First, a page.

Influential Theorists: Andre Bazin – The Myth of Total Cinema

This article continues my examination of Andre Bazin’s What Is Cinema?


The Myth of Total Cinema

Bazin asserted in ‘Ontology of the Photographic Image’ that, at its purest and most organic, photography and cinema is realist in aesthetic. The innate motivation behind cinema, and therefore also the best style, is realism. Bazin attempts to add to this position by examining the history and emergence of the technology of cinema. Bazin asserts that cinema was not borne from the advances of technology and economy in the late 19th century but from that innate desire to reproduce the world around us in perfect detail. Bazin explains that ‘the basic technical discoveries [are] fortunate accidents… essentially second in importance to the preconceived ideas of the inventors’.(1.) What Bazin is arguing is that the inventors of photography and cinema were not just satisfied with producing technology for sale – though he does concede that some were primarily concerned with this – but were, at the heart of it, striving for the replication and reproduction of the “real” world. The production of technology was derived from that ‘innate’ drive for reproduction of the real, rather than, as G. Sadoul asserted, the desire for realism derived from the production of technology. Bazin explains ‘The cinema is an idealistic phenomenon. The concept men had of it existed so to speak fully armed in their minds’.(2.) Bazin may be correct that before certain technologies are invented there seems to be some idealistic notion embedded in the mind. Bazin goes on to explain that:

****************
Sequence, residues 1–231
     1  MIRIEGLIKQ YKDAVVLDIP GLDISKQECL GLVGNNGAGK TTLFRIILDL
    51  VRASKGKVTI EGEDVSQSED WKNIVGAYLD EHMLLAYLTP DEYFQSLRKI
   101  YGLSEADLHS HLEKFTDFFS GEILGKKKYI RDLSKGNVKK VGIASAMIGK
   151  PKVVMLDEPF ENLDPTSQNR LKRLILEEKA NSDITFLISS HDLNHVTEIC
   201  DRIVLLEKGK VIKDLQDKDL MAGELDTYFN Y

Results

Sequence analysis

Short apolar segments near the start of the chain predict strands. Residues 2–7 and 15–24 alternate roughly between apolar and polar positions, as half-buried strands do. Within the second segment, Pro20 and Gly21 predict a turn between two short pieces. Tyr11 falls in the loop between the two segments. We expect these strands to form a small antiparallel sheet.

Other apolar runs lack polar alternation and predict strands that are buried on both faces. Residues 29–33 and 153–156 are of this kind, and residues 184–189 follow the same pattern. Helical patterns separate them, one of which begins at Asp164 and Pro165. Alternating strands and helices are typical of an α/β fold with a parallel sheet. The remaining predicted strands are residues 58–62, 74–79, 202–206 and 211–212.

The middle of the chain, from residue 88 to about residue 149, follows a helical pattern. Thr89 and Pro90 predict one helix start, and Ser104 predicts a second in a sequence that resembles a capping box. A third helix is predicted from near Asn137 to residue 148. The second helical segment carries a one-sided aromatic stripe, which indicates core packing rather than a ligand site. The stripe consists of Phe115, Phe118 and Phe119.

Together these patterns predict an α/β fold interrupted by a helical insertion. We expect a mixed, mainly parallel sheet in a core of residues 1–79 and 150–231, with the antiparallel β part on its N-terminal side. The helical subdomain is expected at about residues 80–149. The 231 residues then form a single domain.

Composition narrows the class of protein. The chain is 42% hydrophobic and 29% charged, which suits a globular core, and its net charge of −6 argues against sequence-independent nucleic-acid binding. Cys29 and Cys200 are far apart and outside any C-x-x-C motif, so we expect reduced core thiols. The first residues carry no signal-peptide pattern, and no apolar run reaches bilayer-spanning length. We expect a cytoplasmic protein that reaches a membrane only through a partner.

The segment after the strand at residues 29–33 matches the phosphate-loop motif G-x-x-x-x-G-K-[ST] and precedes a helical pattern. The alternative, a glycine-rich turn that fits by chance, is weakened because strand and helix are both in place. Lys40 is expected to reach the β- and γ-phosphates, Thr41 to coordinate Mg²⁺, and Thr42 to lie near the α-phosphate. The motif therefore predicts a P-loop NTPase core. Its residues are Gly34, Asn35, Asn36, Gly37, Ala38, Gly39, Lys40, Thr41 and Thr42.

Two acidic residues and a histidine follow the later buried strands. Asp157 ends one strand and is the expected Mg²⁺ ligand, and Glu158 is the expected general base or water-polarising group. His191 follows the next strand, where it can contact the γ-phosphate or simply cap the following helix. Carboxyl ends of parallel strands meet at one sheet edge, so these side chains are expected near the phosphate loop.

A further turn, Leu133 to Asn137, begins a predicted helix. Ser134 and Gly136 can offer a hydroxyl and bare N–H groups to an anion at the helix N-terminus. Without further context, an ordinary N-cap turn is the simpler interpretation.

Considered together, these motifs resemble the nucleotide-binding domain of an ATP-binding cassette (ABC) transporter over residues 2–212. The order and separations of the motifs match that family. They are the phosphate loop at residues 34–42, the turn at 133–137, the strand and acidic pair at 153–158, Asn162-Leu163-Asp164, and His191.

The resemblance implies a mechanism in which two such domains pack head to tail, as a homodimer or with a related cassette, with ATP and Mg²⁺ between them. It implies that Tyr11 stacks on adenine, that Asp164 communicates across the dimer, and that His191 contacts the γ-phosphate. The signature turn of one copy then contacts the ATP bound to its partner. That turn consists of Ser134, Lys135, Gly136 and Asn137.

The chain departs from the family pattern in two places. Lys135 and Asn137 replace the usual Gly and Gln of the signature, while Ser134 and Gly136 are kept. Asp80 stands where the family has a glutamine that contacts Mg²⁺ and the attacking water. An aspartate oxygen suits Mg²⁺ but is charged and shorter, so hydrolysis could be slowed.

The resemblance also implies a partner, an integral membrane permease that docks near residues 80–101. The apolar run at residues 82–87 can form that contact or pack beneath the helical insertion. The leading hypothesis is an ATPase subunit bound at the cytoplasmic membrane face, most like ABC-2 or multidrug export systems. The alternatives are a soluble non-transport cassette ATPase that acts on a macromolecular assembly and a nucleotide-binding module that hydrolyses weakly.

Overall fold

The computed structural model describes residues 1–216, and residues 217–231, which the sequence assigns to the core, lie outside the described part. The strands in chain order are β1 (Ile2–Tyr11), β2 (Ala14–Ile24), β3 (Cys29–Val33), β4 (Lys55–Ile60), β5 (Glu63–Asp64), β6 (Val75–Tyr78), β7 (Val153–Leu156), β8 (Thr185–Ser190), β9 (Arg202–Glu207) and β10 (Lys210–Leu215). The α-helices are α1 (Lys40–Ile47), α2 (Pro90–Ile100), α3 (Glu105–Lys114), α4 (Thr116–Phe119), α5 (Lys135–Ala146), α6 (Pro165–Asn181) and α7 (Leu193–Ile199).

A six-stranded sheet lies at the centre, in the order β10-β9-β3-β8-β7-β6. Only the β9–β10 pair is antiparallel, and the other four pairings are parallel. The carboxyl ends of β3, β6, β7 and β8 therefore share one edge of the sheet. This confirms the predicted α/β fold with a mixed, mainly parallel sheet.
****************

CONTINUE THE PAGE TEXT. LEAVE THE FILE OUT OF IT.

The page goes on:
Any account of the cinema that was drawn from technical invention that made it possible would be a poor one indeed. On the contrary, an approximate and complicated visualization of an idea invariably precedes the industrial discovery which alone can open the way to its practical use.(3.)

Bazin is arguing that a conception, an understanding of cinema, cannot, or should not, be drawn from the economic and technological development of photography. A correct understanding of cinema, according to Bazin, is to be found in the idea that preceded the industry. As I noted in the article concerning ‘The Ontology of The Photographic Image’, Bazin feels that the innate idea – which preceded the actual technology of photography – was the desire to reproduce reality as it is perceived. Bazin is reaffirming why he asserts that realism is cinema.

Bazin reiterates this point when he states:

The guiding myth, then, inspiring the invention of cinema, is the accomplishment of that which dominated in a more or less vague fashion all the techniques of the mechanical reproduction of reality in the nineteenth century, from photography to phonograph, namely an integral realism, a recreation of the world in its own image, an image unburdened by the freedom of interpretation of the artist or the irreversibility of time.(4.)